She said a sketch done by a sketch artist that was done after the attack "didn't really look like" her assailant, and maintained that she had not told a friend that she had been in a car with two or three men.

    Washington acknowledged that she had a marijuana joint laced with cocaine about four or five hours before getting into the Pinto.

    In a courtroom packed with observers and other victims' family members, Washington described her assailant as shorter than her -- she is 5-foot-7 1/2 inches tall -- and neatly dressed in a short-sleeved uniform shirt and khaki pants.

    She said he repeatedly asked her to let him drive her to her friend's house while she was walking in South Los Angeles and that she relented after he told her, "That's what's wrong with you black women. People can't be nice to you."

    Washington testified that her attacker told her he needed to stop at his uncle's house to pick up money, and then told her to throw out her cigarette and headed in the wrong direction from her friend's home when he returned to the car before shooting her.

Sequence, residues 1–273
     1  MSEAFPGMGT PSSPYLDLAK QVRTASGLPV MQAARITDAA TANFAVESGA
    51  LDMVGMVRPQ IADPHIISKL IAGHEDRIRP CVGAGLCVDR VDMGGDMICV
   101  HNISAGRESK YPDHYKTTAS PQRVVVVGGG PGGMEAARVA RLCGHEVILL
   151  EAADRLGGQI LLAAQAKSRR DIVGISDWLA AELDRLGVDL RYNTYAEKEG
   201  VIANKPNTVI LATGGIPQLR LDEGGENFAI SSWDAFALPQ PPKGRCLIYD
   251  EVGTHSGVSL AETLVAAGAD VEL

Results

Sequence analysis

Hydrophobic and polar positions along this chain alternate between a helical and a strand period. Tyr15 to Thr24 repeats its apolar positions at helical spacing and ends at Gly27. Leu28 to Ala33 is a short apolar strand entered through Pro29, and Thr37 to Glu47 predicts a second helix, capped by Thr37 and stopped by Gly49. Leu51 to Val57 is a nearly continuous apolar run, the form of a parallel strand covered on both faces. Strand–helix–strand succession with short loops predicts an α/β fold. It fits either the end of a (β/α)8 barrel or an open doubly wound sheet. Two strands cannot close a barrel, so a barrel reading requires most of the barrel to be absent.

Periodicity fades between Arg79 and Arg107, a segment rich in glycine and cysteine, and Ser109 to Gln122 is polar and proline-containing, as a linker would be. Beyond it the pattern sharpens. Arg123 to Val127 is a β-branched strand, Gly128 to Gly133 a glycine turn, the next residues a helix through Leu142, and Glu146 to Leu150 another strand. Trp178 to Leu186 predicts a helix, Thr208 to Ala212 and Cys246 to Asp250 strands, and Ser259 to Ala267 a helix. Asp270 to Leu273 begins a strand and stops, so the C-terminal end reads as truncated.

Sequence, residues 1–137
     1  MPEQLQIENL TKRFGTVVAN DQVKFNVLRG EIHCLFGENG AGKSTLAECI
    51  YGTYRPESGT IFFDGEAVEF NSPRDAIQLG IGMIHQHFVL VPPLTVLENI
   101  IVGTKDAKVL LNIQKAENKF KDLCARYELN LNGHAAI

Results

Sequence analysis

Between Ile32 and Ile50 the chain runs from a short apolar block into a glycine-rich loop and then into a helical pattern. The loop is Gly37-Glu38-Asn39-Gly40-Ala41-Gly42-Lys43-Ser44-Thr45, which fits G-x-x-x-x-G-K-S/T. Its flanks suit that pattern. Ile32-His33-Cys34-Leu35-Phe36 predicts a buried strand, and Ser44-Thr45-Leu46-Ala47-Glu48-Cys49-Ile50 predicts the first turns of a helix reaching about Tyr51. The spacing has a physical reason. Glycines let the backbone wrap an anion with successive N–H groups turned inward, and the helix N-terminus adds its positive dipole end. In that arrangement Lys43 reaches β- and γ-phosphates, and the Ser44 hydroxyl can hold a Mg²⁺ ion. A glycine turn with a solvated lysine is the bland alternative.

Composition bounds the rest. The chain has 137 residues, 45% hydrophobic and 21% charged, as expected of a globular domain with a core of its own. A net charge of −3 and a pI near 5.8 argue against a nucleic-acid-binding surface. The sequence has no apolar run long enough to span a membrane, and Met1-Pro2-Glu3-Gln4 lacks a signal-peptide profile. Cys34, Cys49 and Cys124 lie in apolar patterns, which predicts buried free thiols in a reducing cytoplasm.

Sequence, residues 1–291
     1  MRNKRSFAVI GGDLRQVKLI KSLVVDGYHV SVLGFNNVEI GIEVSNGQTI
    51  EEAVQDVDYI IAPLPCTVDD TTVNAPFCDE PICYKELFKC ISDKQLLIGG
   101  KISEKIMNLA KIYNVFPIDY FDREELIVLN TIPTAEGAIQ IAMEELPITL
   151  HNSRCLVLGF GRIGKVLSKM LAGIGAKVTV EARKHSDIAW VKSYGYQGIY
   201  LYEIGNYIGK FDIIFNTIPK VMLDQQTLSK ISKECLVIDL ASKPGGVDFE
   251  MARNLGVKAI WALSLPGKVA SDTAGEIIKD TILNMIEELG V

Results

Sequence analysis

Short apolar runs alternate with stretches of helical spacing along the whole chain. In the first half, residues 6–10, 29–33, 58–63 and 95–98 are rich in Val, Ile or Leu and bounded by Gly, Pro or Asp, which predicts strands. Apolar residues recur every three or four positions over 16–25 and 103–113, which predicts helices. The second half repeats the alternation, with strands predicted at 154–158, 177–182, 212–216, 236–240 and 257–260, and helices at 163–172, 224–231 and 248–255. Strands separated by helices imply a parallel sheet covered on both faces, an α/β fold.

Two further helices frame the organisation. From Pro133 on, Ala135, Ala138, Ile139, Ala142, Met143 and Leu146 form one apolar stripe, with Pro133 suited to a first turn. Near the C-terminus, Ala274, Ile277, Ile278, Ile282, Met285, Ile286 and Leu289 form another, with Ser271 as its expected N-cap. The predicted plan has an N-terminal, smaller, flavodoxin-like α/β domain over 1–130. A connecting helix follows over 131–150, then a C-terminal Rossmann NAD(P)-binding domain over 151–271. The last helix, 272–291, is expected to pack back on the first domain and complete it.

In her opening statement, Silverman described Washington as the "sole surviving victim" of the alleged "Grim Sleeper" attacks.

    The prosecutor told jurors that Franklin had owned an orange Pinto. Along with the attempted murder, Franklin is charged with murdering:

    -- Debra Jackson, 29, found dead from three gunshot wounds to the chest in an alley on Aug. 10, 1985;

    -- Henrietta Wright, 34, shot twice in the chest and found dead in an alley on Aug. 12, 1986;

    -- Barbara Ware, 23, shot once in the chest and found dead in an alley on Jan. 10, 1987;

    -- Bernita Sparks, 26, shot once in the chest and found dead in a trash bin on on April 15, 1987;

    -- Mary Lowe, 26, shot in the chest and found dead in an alley on Nov. 1, 1987;

    -- Lachrica Jefferson, 22, found dead from two gunshot wounds to the chest in an alley on Jan. 30, 1988;

    -- Alicia Alexander, 18, killed by a gunshot wound to the chest and found in an alley on Sept. 11, 1988;

    -- Princess Berthomieux, 15, strangled and discovered in an alley in Inglewood on March 19, 2002;